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Easter is the perfect day to end Lent because it's the day when we recall that the chains of law and death have been broken by Jesus, the one who fulfilled the law and conquered death for us. We recall it in worship, with trumpets blaring and choirs singing and (in my church, sans yours truly) dancing in the aisles. We do it after church by gathering with friends and family and eating and drinking as if gluttony were a virtue.

So for me Easter doesn't become a day when I thank God that he has made me more disciplined, not like those non-liturgical folks who don't even observe Lent. Instead, it becomes an occasion to celebrate the fact that my self-respect does not hinge on my self-discipline, and that my very lack of discipline is the paradoxical sign of the gospel. Indeed, while we were gluttons and prayerless, while we didn't give a rip about the poor, Christ died for us. It's not for the spiritually fit and healthy that he came, but for the unfit and unhealthy. We may be faithless in areas small and large, but he remains faithful through and through.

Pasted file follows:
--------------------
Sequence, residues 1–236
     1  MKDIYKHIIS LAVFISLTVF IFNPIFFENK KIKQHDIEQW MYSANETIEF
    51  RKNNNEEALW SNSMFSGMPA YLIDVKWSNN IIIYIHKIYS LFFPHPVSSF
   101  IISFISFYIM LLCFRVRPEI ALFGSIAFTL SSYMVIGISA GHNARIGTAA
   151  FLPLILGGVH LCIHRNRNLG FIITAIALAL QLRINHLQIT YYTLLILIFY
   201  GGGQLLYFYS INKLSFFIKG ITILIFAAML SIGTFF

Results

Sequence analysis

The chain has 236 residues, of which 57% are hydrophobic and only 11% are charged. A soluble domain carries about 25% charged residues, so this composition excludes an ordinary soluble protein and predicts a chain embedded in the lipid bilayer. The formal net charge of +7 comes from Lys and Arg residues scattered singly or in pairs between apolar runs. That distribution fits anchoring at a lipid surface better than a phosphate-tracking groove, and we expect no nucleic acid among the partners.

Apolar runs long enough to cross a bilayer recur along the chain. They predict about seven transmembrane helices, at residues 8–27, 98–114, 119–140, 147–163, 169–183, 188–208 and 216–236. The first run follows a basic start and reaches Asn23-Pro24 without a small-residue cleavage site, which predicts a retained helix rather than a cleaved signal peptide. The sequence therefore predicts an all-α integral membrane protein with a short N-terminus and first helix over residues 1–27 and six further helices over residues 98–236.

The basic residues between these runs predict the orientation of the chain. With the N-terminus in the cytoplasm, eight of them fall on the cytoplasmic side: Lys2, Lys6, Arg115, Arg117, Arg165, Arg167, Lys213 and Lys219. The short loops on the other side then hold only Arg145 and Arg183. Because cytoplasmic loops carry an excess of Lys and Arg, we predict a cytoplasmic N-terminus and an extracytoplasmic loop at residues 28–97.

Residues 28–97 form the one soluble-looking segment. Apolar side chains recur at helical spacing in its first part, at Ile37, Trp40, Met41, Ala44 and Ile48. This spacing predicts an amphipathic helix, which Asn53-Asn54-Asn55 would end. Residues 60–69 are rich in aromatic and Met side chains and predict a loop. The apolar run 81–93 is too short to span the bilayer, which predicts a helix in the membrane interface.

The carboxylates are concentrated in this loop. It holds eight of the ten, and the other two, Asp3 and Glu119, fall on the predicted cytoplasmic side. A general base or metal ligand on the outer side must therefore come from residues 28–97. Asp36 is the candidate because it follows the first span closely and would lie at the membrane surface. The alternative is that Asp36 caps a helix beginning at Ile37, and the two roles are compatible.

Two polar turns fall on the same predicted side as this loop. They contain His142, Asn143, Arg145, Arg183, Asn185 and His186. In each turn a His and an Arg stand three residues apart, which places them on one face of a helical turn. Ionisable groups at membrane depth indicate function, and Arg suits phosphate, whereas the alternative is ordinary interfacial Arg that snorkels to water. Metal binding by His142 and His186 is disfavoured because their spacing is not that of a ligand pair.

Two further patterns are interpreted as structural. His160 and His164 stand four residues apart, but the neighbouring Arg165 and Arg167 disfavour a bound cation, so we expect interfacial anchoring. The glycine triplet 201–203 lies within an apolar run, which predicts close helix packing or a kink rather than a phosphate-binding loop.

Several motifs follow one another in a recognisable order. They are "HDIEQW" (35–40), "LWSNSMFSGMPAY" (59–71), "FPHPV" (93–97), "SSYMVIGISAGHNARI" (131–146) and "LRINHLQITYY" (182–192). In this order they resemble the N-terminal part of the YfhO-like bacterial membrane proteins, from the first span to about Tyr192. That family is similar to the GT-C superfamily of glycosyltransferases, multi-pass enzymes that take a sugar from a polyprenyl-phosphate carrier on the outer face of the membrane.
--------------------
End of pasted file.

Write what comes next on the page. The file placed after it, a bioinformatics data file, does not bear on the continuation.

So I end this little essay by grabbing two more pieces of candy, for Ash Wednesday comes tomorrow! It will be time to give myself again to disciplines great and small. I do that partly because, in the end, it is probably better to be a little more disciplined or loving and self-righteous than undisciplined, unloving, and merely lazy. And who knows, by God's grace, I may lose track of what my left hand is doing!

But I do it mostly to prove once again the impossibility of living up to God and the gracious necessity of being down to earth, of remembering that I am dust and weak and desperately in need of a Savior. 

And recalling that I have one.

Mark Galli is senior managing editor of Christianity Today. He is author of Chaos and Grace: Discovering the Liberating Power of the Holy Spirit (Baker).


Related Elsewhere:

Previous SoulWork columns include:

Looking for Jesus in All the Wrong Places | Why do we want to see God's face when it's only going to kill us? (January 26, 2012)
Why the Bible is Not a Book of Moral Laws| Contrary to popular belief, it's the startling gift book. (January 12, 2012)
A Christmas Prayer| We, like the shepherds in the field, like the woman at the tomb, are astonished, trembling in wonder and in fear. (December 22, 2011)
SoulWork
In "SoulWork," Mark Galli brings news, Christian theology, and spiritual direction together to explore what it means to be formed spiritually in the image of Jesus Christ.
Mark Galli
Galli is editor of Christianity Today and author of God Wins, Chaos and Grace, A Great and Terrible Love, Jesus Mean and Wild, Francis of Assisi and His World, and other books.
Previous SoulWork Columns:
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Giving Up Self-Discipline for Lent